Counting the cost of your car
Fri 25 Jan 2008 by Infometrics Ltd in Transport

As you stand at the petrol pump watching the dollars clicking over on the counter, think about what it’s really costing you to drive around in your car. It’s not the petrol. The big latent cost is depreciation – what you paid for your pride and joy will in many cases turn into a lot less when you come to sell it or trade it in.   In very broad terms, fuel purchases account for around 10% of the total annual cost of owning and running a near-new car.

Over a three year period a new car is likely to lose between a third and a half of its value. When you churn through the figures you’ll find that that you burn through five to six times more in depreciation costs than in fuel per year. Depreciation ticks away all the time; it’s just not as obvious as forking out cash to fill-up every week. But while the cost of petrol is rising depreciation costs are dwindling.

There are other costs associated with owning and running a car – insurance, finance, repairs and maintenance, and registration (which has just gone up again). But whichever way you look at it, the big one is depreciation.

Depreciation reflects a number of factors but the obvious one is that the car simply wears out. Repairs and maintenance bills start to climb, it becomes less reliable and gets a few dings and some coffee stains.

But depreciation is also driven by obsolescence. One of the best current examples of this relates to another vital household item – your TV set. When you can only see 80% of what’s happening on your old square set you get the message that technology has marched on leaving your current TV basically redundant.

In the case of a car, your 1990 model will probably not have airbags, ABS, air conditioning a CD player, etc, etc – all features that are regarded as must-haves in most late model cars.   So when you go to sell or trade-in your old car its value will be technologically challenged so to speak- it’s not only a little worn out, it’s patently obsolete.

Another factor that can have an important influence on what level of depreciation new car buyers must wear is what happens to new car prices over the time they own a car. If the price of a new car falls by say 10% over three years (Yeah Right, you might think, but read on) then clearly it would undermine what you could possibly get for the car you bought new three years earlier. This phenomenon was a fact of life in the mid-1990s as the government slashed tariffs on new cars and eventually removed them altogether. Declining new car prices led to much faster rates of new car depreciation and forced many traditional new car buyers to switch to the less punishing used car market, including used imports.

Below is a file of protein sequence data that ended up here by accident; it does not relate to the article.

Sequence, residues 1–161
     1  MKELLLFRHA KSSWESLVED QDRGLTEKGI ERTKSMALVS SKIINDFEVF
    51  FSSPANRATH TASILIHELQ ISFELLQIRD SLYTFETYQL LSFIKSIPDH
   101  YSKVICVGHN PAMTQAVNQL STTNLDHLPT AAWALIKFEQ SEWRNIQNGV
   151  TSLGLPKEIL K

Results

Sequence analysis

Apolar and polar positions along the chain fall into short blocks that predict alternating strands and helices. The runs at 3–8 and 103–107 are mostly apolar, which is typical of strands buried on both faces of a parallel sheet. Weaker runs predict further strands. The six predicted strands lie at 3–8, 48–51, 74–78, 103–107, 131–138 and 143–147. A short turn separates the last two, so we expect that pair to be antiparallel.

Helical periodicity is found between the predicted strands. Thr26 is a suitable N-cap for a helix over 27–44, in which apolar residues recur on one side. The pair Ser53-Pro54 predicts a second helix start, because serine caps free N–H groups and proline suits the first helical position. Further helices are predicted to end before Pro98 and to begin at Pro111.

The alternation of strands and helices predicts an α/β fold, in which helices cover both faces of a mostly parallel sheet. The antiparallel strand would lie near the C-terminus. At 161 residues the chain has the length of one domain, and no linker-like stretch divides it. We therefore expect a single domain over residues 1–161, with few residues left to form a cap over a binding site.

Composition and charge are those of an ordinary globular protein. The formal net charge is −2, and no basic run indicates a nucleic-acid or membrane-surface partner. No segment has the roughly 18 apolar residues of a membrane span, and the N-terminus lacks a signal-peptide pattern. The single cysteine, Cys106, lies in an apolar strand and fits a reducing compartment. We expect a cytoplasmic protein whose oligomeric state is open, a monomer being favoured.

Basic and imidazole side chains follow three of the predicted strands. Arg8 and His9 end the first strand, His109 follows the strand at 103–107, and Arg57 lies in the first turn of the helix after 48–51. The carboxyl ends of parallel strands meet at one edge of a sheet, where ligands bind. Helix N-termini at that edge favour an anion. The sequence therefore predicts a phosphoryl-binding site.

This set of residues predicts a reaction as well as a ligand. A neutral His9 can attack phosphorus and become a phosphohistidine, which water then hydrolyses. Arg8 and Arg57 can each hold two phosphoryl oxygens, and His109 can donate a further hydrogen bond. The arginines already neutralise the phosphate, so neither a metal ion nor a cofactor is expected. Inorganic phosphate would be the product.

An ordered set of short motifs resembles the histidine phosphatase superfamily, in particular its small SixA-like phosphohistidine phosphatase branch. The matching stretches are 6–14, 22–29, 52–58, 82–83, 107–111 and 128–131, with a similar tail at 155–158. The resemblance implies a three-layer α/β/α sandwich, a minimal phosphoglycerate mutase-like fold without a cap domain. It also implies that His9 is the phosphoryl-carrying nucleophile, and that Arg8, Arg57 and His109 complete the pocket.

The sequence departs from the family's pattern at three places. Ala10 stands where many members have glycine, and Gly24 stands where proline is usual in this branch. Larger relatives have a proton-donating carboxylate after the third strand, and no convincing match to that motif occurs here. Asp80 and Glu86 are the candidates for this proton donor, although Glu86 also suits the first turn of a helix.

Thirteen years on, not only have depreciation rates slowed a bit, but also the real value of a new car has declined significantly leading to lower depreciation costs in real terms and certainly relative to peoples’ incomes. For instance, around 1995 a new mid-sized car might have set you back about $30,000. By 1998, with all tariffs removed, that same car brand new might have cost nearer $27,000. That’s another $3,000 added to the normal rate of depreciation which was somewhere around 25%pa. In round terms you would have wiped out as much as $17,000 in just three years.

Today that same type of car would probably cost you in the vicinity of $28,000 but would have a lot more bells and whistles; in other words you’d be getting a lot more for your money. The rate of depreciation has probably cooled a bit and new car prices are likely to remain more-or-less stable over the next three years. You’ll still lose around $15,000, but that’s less in nominal terms than the $17,000 you lost between 1995-98 on your new car, and when you adjust the numbers for inflation over the last 13 years the cost of depreciation in real terms is considerably smaller.

The fact is the upfront cost of buying a brand new car has fallen in nominal terms over the past 13 years and in real terms (taking into account quality improvements as well as inflation) the fall has been substantial ­– around 40%. This, together with milder rates of new car depreciation, is persuading buyers back into the new car market, which for the third successive year has recorded sales of more than 75,000.

While depreciation remains the major cost of car ownership, it’s a far lower cost relative to peoples’ incomes today than it was in 1995.In contrast, to buy 50 litres of petrol to fill your tank will require 3.6 hours work for somebody on the average wage compared to 2.9 hours back in 1995. Ouch!   So despite the rise in the cost of refuelling your new car the overall cost of owning and running it continues to fall in real terms thanks to the decline in the rate of depreciation.

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